DALLAS –– Following the dubious designation of the state’s lowest accountability rating, Deion Sanders is calling for a major overhaul of Prime Prep Academy by organizing a coup to oust his own charter school’s CEO.
The problems are mounting at the troubled school, which was started by Sanders and business partner D.L. Wallace, the school’s CEO, last year. The two united to create what they believed would be the most successful taxpayer-funded, charter school in the state and called it Prime Prep Academy. But less than a year and a half later, Sanders is orchestrating a coup.
"I've spoken to D.L. Wallace. I've spoken to administration. Immediate change needs to happen, from the top, from administration on down,” said Sanders. “The board needs to vote, then needs to do the right thing."
The right thing, according to Sanders, is the removal of his former partner as CEO of Prime Prep. The board took the first step Sunday night by adding a new member willing to vote Wallace out. The second step is to get upset parents to start showing up to Board meetings.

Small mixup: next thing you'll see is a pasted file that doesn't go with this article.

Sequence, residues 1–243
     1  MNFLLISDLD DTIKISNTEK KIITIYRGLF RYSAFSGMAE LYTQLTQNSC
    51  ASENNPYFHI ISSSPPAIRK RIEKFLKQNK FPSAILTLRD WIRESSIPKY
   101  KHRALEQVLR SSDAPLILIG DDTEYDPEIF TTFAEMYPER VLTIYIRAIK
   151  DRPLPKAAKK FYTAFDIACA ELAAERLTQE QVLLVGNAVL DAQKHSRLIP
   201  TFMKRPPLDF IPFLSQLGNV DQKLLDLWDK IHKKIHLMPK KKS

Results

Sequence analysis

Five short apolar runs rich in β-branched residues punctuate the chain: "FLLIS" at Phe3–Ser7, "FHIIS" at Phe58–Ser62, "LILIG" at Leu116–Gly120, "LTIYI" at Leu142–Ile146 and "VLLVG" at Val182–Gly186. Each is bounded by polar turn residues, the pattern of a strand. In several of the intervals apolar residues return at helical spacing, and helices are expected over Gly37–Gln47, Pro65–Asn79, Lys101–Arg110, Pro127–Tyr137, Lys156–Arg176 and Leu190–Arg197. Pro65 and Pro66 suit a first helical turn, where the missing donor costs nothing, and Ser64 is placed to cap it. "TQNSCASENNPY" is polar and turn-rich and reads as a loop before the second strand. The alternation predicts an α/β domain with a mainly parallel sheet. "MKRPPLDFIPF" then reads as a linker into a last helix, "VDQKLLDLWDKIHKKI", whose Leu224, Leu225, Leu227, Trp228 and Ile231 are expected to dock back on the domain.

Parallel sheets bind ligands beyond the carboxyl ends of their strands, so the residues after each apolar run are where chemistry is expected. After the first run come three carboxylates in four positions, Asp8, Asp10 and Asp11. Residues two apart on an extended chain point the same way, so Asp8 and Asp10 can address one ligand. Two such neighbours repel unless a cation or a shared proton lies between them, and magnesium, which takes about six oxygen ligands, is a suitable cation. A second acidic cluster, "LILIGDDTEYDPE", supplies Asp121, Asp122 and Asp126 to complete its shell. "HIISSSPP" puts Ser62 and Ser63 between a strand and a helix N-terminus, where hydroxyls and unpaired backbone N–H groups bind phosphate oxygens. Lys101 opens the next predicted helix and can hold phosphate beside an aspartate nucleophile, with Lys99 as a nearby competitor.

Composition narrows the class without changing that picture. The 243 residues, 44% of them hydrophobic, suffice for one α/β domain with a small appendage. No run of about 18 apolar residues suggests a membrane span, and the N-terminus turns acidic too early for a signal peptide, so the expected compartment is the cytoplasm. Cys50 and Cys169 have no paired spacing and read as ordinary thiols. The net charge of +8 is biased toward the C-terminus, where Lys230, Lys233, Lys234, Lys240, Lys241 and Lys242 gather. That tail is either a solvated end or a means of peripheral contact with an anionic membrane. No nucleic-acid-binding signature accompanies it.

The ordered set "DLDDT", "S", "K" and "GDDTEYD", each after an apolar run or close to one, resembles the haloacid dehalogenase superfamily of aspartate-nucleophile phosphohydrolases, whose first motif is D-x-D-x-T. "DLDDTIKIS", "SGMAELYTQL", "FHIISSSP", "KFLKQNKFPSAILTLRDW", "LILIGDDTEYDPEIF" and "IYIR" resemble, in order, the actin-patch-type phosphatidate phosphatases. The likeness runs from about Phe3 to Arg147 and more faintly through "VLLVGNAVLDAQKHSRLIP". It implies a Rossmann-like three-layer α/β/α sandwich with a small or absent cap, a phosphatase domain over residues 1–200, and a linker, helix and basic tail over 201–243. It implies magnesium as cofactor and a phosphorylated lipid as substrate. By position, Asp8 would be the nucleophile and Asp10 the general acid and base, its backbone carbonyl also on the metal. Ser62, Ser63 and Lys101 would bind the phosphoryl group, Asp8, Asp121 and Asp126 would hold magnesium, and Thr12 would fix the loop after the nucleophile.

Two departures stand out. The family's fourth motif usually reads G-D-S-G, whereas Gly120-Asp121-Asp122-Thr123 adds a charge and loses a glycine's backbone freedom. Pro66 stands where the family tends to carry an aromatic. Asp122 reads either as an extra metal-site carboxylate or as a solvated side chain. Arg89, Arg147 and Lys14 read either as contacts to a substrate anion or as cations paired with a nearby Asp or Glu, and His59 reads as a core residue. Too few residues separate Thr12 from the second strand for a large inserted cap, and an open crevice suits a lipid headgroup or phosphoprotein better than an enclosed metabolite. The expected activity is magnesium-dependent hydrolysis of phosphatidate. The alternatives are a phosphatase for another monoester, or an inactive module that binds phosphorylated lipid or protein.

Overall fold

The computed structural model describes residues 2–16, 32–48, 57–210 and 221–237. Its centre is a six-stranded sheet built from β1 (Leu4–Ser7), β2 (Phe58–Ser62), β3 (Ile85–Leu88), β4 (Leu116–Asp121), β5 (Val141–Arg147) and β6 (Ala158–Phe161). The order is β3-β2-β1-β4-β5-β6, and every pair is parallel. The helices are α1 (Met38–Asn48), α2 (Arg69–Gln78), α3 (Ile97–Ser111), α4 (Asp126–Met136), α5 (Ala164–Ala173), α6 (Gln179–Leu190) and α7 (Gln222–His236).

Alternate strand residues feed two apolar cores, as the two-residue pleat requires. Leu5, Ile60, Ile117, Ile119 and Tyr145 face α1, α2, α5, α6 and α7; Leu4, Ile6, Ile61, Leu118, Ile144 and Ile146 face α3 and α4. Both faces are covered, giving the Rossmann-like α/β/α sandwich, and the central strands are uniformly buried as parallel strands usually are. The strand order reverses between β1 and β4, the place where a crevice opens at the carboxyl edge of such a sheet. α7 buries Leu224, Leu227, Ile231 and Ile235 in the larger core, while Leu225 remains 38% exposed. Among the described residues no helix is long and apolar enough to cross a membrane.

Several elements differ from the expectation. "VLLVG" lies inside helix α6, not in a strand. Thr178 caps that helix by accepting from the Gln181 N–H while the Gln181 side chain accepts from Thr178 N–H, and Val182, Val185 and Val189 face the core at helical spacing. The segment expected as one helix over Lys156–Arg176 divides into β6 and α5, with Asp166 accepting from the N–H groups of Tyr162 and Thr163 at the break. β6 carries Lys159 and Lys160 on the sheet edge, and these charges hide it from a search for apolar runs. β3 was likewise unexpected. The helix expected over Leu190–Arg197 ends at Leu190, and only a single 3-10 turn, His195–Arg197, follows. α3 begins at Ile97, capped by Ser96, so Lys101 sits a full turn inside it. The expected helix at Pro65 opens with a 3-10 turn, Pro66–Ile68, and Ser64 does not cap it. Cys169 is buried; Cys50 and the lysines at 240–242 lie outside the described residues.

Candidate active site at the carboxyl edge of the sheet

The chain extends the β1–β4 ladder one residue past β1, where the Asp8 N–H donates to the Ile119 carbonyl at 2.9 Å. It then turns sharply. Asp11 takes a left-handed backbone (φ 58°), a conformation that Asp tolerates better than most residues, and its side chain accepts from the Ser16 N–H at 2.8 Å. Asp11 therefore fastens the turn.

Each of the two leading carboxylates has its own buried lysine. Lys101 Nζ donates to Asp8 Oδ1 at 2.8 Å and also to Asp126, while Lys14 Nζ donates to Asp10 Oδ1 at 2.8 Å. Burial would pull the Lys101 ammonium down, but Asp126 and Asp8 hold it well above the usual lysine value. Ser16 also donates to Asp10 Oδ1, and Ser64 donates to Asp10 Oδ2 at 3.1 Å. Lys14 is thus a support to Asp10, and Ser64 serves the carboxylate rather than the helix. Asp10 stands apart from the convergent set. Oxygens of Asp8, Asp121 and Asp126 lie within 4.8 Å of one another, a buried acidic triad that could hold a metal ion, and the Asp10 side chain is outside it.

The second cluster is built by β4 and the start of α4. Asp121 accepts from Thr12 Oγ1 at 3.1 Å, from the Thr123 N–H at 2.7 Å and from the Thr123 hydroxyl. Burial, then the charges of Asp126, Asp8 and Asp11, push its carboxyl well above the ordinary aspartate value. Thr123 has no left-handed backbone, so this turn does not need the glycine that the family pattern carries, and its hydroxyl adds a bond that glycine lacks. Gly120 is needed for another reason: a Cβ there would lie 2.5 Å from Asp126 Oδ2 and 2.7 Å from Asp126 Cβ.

On Sunday night, for the first time since the charter school was opened in the fall of 2012, parents showed up to a Prime Prep Academy Board meeting to voice their concern.
"The problem is there's no structure,” said parent Kenneth Gormley. “Nobody is enforcing the rules.”
Another unhappy parent is Catrina Henderson, who also addressed the board.
"Everyone is not committed,” said Henderson. “So I don't know what kind of fire needs to be under their feet, I don't mind lighting a match.”
Even upset students showed up to the meeting to address the members. "We do have teachers throughout the campus who don't really do their duties that they are supposed to do,” said Prime Prep Academy junior, James Proche.
The irony for many in attendance is that, while their stable of nationally ranked athletes may be excelling on the court, a majority of students are failing in the classroom. Statistics show Prime Prep with the lowest accountability rankings given by the state, a “needs improvement” in all three categories.
One parent said the situation is so dire that some students are looking for a way to bail out.
"What do we tell these kids tomorrow that want to be at Prime Prep but can't leave because in some cases they can't,” said parent LaToya Williams. “They feel like they are trapped at Prime Prep."
Attempts to reach Wallace for comment were unsuccessful.